UK Home Office launches public consultation on biometric data retention

March 26, 2013 - 

The Secretary of State for the United Kingdom’s Home Office, Theresa May, has published a letter launching a public consultation on the length of time biometric data can be retained where it is necessary for national security.

“The use of DNA and fingerprints by our police and other law enforcement agencies is a vital tool in the fight against crime and combating threats to our national security,” the letter states. “However, in discharging our duty to protect the public, we will not undermine the importance of our historic freedoms. The Protection of Freedoms Act 2012 changed the law to ensure the public is safeguarded while also protecting those innocent people whose DNA is taken and held by the police. The new framework provided by the Act for the retention, destruction and use of such material provides the necessary balance between public protection and individual freedoms.”

This draft guidance is aimed at providing clear parameters to police in regards to data collection and retention and sets our both the principles and procedures required for making a national security determination under the provisions of the act.

According to the letter, public consultation ends in May.

Earlier this month, Alastair MacGregor QC was appointed the new Commissioner for the retention and use of biometric material. MacGregor is now the sole decision maker in reviewing decisions to retain material for national security purposes and in determining applications made for the retention of material relating to individuals arrested but not charged.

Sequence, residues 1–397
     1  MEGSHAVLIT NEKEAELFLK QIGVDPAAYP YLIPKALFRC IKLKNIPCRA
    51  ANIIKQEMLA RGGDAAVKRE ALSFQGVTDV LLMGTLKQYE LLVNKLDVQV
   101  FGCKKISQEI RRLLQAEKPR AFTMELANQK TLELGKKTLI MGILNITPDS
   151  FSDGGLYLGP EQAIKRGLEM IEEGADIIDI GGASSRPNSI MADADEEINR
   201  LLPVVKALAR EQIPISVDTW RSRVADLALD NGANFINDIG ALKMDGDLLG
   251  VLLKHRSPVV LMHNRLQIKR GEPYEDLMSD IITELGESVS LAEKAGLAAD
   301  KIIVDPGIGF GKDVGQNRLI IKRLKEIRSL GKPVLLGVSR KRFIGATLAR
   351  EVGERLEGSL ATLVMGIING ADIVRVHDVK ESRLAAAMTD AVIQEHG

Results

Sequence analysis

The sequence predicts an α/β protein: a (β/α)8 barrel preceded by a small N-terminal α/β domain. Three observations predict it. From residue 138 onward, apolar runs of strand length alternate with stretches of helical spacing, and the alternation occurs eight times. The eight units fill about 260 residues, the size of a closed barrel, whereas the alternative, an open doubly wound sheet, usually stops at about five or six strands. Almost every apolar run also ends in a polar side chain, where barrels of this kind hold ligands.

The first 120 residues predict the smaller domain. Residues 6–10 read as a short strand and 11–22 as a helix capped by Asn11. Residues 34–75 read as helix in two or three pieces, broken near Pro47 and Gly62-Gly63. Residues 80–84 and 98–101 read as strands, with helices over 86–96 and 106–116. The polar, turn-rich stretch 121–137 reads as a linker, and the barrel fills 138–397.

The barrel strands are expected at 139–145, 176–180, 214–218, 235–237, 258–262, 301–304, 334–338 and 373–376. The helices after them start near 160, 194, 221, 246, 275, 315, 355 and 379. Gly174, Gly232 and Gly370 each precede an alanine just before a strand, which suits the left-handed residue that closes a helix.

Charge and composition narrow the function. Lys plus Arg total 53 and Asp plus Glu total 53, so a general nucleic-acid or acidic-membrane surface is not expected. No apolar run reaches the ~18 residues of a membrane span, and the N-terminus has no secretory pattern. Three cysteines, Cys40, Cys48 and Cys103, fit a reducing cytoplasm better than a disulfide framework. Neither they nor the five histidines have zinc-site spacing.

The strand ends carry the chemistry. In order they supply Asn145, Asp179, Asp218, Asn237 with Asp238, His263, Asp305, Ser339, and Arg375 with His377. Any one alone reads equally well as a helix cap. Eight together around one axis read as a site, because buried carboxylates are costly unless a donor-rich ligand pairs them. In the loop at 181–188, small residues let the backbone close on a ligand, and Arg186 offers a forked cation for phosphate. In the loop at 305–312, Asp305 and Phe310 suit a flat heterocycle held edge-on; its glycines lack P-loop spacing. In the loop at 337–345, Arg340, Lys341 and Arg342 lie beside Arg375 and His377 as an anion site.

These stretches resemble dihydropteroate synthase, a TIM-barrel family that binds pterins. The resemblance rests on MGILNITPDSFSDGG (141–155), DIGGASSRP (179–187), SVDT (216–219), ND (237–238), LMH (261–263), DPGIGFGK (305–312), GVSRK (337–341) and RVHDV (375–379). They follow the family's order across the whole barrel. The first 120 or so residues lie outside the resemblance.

To date, 504,000 DNA profiles have been deleted from the National DNA Database and 439,000 DNA samples destroyed.

Reported previously in, The UK’s Home Office recently posted a tender notice looking to procure a facial recognition system and workflow for its Identity and Passport Service.

According to the tender, “the architecture will comprise a facial recognition engine, and a facial recognition workflow capability which includes business rules, management information, audit and a data interface from an existing application system.”

The tender has been split into two lots: the engine, and the workflow, and companies are allowed to bid for either or both.


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About Adam Vrankulj

Adam Vrankulj is an editor for His background consists of online news writing, editing and content marketing. Adam has written for, BlogTO and was the editor and curator for the nextMEDIA and CIX Source publications. He has a degree in journalism and is passionate about science, technology and social innovation. Contact Adam, or follow him at @adamvrankulj